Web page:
“The Power of Silly”

cc licensed ( BY NC ) flickr photo by Bart:

cc licensed ( BY NC ) flickr photo by Bart

Dean Shareski promotes this idea of The Importance and Seriousness of Silly and it is something I truly believe in, especially in my line of work.  If I wasn’t silly at times I think I would cry!

Earlier in the year we had an event to launch a student mental health package. This led to a visit by Prime Minister (at that time) Julia Gillard and a lengthy whole school assembly.  Some of my students struggle staying focussed at the best of times, however this assembly was much longer than most and tested even the most attentive of students.

For one of my students attending assembly at all has been something we have had to work on.  When he arrived last year it was difficult to even get him into the gym for an assembly, let alone sit through lengthy presentations.

The expectation that he should sit in the same spot quietly and still for over an hour was a challenge which would require some creative thinking.  Enter my iPhone and some silly faces and wallah – entertainment!

Assembly Antics

Assembly Antics with an iPhone

Most of us reserve our silly for private times but why do we do this?  Is it just because we’re adults now and society deems it inappropriate to have fun?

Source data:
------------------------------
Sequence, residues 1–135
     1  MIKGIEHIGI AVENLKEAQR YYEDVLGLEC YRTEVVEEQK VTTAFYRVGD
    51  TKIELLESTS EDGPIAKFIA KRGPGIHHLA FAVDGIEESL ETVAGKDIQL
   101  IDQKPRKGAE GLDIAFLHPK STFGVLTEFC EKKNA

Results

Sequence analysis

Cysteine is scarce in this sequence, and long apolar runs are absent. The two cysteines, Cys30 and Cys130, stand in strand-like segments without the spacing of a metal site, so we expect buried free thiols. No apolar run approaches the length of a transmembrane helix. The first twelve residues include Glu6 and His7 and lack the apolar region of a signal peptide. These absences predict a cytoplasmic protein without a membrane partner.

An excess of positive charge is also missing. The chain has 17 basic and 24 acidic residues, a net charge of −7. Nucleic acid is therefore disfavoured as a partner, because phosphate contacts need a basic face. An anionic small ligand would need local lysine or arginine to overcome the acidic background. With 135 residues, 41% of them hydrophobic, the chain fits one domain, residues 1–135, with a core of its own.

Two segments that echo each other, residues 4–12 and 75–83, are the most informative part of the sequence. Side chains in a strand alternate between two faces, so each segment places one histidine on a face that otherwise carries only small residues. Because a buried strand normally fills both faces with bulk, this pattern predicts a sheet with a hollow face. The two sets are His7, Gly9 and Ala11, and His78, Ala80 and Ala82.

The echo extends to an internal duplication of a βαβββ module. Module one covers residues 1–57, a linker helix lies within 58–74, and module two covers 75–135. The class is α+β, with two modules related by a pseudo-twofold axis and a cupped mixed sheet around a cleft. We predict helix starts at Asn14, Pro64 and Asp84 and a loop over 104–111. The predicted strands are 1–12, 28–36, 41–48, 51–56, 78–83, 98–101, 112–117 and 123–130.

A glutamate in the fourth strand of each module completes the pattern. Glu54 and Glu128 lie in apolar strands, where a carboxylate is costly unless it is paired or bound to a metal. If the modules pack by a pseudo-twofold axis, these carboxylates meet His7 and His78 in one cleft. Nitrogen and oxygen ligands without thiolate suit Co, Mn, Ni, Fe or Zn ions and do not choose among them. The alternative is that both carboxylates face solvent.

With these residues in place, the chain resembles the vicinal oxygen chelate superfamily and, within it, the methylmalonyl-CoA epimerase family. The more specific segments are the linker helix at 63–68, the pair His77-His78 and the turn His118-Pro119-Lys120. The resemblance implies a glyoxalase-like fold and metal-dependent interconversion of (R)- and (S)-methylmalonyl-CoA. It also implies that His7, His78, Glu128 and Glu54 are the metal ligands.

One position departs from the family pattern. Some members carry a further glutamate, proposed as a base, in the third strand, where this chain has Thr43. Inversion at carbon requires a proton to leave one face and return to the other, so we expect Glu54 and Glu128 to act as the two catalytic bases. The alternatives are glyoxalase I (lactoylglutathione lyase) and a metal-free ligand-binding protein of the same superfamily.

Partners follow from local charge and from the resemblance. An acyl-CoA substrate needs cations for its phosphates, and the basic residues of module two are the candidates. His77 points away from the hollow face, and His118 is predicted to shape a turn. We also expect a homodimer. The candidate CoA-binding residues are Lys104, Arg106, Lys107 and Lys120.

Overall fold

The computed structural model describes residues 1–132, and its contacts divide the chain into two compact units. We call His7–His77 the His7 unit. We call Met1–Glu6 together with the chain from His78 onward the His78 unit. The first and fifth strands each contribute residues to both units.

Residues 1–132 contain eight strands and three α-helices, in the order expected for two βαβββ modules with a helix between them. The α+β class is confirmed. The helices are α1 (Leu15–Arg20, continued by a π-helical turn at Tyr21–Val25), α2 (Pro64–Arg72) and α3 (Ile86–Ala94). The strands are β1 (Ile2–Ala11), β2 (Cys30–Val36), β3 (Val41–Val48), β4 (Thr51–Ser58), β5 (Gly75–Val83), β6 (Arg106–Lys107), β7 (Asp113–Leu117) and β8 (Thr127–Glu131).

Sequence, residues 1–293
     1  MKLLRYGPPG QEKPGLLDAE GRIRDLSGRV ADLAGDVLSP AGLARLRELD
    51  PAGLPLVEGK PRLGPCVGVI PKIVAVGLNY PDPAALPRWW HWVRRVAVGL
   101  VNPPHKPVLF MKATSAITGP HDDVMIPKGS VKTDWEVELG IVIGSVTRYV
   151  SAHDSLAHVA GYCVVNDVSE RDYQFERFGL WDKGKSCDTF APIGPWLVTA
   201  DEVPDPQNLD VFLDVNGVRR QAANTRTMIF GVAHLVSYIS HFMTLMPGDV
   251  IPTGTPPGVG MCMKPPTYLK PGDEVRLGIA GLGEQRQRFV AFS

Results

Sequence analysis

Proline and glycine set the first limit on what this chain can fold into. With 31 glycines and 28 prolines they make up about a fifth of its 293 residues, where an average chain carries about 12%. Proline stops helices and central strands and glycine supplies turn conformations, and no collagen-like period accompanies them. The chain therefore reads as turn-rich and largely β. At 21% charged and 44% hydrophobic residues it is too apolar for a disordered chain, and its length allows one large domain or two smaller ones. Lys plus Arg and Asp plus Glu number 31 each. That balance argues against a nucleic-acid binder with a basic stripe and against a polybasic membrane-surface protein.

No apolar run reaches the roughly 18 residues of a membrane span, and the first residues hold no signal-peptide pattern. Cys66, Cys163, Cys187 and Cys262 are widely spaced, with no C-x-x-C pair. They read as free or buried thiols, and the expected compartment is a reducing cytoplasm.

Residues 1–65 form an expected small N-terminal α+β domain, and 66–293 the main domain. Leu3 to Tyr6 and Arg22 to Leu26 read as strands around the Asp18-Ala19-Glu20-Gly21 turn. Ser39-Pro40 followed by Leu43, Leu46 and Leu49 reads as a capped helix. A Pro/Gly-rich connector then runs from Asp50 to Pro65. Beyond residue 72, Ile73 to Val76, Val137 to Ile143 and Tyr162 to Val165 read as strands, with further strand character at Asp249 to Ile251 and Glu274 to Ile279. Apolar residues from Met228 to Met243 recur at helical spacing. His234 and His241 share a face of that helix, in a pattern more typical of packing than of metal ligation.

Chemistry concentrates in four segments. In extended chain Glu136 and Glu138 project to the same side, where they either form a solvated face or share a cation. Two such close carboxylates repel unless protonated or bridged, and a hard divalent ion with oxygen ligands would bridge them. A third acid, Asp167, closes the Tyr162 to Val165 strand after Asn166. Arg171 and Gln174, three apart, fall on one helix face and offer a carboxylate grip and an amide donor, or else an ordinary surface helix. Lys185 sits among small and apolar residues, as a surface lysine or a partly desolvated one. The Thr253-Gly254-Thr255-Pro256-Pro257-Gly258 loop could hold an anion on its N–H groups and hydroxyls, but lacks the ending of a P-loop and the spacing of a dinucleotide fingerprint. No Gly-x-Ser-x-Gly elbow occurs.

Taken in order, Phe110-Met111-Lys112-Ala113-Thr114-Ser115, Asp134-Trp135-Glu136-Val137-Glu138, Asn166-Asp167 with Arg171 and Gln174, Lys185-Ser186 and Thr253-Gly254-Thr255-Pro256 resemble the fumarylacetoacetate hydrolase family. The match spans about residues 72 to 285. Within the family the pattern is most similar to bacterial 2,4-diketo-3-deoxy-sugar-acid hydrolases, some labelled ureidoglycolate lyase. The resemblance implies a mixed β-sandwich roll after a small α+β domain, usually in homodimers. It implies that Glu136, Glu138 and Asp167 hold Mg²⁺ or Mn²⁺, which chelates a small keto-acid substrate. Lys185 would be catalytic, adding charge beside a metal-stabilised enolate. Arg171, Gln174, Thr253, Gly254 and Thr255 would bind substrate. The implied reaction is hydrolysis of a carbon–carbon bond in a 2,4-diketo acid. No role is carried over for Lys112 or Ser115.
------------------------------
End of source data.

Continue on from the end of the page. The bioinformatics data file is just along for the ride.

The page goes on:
Don’t get me wrong, obviously what we find funny changes over time.  I remember loving the Goodies as a kid. My brother and I would never miss our 530pm hilarity from Bill, Tim and Oddie. A few years ago (probably 8 or 10 in fact) in a moment of reminiscing I purchased a box set for my brother. We sat down with great anticipation for a night of giggles and laughter, but unfortunately it just no longer quite hit the mark. Should have left that one in the “childhood memories” file.

But I diverge. What I mean to say is that giving ourselves permission to have fun is really important. Important for our kids our and our own wellbeing.

Yesterday at the #EdTechSa conference in Adelaide Paul Huebl shared the image below.  It comes from Angela Maiers and I  like it!


Permission to Play via @AngelaMaiers

So I will continue to give myself permission to be silly, to laugh and play, to dance in public when I hear music playing and to pull a funny face here and there!  I will join in the fun stuff and take more opportunities to be like a kid!


  1. Dean Shareski (@shareski)

    THanks Rhoni for the reference. Silly has become such an integral part of community. It’s used to break down barriers, laugh at ourselves and leads to increased connections and opportunities. While it’s a useful tool for those things, it’s also a means unto itself. It’s part of being human.

    • rhonimcfarlane

      Hi Dean. I am an avid reader of your blog and thoroughly enjoy the conversations you provoke, so thank you for taking the time to comment. I agree with what you say though I would include “happy human”. Some people can be human (caring, generous, thoughtful and empathetic) but lack joy. I think embracing “silly” gives opportunity to build upon our happiness and that of others. Thanks again for always sharing, perhaps one day you will come to the Open “Down Under”!

  2. thesoupoflife

    I can not promote the benefits of silliness enough.
    I’m on my second attempt at blogging. The first was full of family problems and social issues. My current one is focusing (where possible) on being silly.
    I know which one makes me feel better!

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